• A coworker or superior’s display of aggression in the workplace can feel threatening and uncomfortable; fortunately, you can follow a few steps to handle this situation properly.
  • First, consider whether you feel unsafe—if you do feel unsafe, you should talk with human resources about the event and how it made you feel.
  • If you don’t feel unsafe, take some time to yourself to process the event as well as your feelings related to the event and the aggressor.
  • Next, debrief: this means sitting down with the aggressive coworker or superior, discussing the event, and setting a plan in motion that will prevent a similar occurrence in the future.
  • Finally, if the situation is serious or you don’t feel uncomfortable in your workplace, consider making a job change.

An aggressive display can make anybody nervous—especially when it’s at their place of work. This is one of the last places you want to deal with an aggressive or threatening encounter. But the truth of the matter is sometimes our coworkers or even our superiors act aggressively and make us feel uncomfortable. So, what do we do when we witness aggression at work? Licensed Professional Counselor and owner of Flourish Psychotherapy Laurie Sharp-Page gives a detailed formula:

1. Identify whether you feel unsafe.

First, consider your safety: is it a heightened situation that makes you feel unsafe? If so, you should have a meeting with human resources. “When encountering any situation where you feel someone is being aggressive, the first step is to identify whether or not you felt unsafe in the situation. Unsafe is a personal experience and feeling; therefore, you and someone else could experience the same incident and only you feel unsafe. As such, trust your gut,” Sharp-Page explains. “If you feel unsafe (even if others didn’t) contact your HR department or the appropriate party to express your concerns. You have a right to feel safe at work, and not speaking up about feeling unsafe can make you feel more unsafe in the long-term.”

2. Take some time and space.

If, on the other hand, you don’t feel unsafe, then simply take some time to process the event before you confront the aggressor. “If someone is aggressive with us, it can trigger a defensive response that results in us getting escalated as well. This helps no one in the moment, it just further escalates the situation, so the best thing you can do in the moment is remove yourself,” Sharp-Page explains. “It can help to process your feelings and concerns about the situation verbally; however, be mindful who you are doing that with. Processing with colleagues creates the opportunity for increased tension and further conflict, processing with someone external (if possible) can be less disruptive. Additionally, writing down your experience and your feelings can help you process them in an effective manner, as well as make a written outline for what happened when and if you report it.”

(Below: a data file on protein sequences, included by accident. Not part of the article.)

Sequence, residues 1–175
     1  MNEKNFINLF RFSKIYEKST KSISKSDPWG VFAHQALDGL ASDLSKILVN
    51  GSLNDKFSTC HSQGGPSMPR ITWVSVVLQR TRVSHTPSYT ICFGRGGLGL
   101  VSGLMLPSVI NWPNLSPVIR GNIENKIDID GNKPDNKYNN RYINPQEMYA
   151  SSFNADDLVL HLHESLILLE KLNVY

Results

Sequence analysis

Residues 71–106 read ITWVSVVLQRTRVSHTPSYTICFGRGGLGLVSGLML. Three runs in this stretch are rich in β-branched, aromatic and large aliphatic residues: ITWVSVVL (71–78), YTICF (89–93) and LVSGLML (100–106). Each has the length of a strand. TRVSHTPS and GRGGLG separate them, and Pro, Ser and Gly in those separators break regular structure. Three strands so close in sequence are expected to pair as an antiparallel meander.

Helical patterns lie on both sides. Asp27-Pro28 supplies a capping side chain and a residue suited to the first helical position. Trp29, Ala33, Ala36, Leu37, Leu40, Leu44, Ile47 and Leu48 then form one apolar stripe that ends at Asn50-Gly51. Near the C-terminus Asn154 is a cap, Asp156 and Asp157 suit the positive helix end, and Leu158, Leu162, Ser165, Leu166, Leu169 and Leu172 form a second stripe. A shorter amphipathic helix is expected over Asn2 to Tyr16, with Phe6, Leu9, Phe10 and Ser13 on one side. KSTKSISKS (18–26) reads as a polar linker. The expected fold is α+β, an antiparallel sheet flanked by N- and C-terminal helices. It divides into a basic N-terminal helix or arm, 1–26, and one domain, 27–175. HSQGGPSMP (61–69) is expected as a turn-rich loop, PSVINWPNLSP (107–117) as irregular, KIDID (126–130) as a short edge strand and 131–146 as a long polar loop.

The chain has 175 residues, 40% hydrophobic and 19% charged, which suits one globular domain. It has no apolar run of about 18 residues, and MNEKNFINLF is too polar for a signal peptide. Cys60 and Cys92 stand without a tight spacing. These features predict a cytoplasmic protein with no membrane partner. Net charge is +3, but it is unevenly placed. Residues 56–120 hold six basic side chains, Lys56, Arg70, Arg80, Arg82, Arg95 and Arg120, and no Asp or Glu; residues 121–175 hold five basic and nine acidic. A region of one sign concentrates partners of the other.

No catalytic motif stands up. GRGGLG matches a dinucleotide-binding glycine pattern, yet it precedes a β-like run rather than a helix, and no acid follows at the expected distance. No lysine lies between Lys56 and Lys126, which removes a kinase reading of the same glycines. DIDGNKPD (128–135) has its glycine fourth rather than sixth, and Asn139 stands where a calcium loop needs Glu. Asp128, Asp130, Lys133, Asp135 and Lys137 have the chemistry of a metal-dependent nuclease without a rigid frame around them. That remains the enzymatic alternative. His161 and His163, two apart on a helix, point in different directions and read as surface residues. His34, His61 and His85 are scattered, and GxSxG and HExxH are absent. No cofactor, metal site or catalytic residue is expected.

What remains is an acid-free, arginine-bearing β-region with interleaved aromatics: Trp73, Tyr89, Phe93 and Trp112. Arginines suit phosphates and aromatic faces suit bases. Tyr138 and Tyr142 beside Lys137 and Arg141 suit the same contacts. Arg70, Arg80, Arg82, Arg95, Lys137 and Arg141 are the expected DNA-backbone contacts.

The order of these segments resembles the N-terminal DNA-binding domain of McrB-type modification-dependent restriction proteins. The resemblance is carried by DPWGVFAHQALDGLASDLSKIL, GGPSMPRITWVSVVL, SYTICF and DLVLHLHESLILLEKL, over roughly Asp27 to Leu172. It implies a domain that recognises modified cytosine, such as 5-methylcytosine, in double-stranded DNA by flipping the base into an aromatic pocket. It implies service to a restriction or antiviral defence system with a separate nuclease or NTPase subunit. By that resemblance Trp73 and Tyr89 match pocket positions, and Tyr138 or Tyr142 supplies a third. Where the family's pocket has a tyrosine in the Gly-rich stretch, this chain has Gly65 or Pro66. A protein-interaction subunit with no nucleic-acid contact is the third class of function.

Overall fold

3. Debrief.

Now it’s time to do the confronting—though you shouldn’t take an aggressive stance. Try being more assertive instead, explaining how their aggression made you feel: “If possible, debriefing about the conflict is very helpful. Debriefing includes you sitting down with the other person and exploring what happened after the fact, as a means to develop a plan for future conflicts so that they do not escalate in the same manner,” says Sharp-Page. “Conflict will happen, so make the expectation that it will happen again, but express your boundaries and expectations for how you are treated in a professional setting clear. Ideally, you will have a third party with you, as a means to help you process, communication, compromise, and document the plan moving forward.”

4. Consider a job change.

Finally, if the coworker or superior continues to act aggressively, or if you think it best you don’t work with the aggressor, explore the possibility of finding a new job. “In some cases when aggressive conflict is ongoing, or conflict feels unsafe, only you can decide if and when the right choice for you is to leave your job,” says Sharp-Page. “The reality is that some work environments are toxic, and you have a right to choose whether or not an environment is healthy for you. Ultimately this comes down to a cost/benefit analysis, if you are starting to feel like the benefits of your job are not equal to the emotional costs of working in the environment, then it is probably time to start looking for a new opportunity.”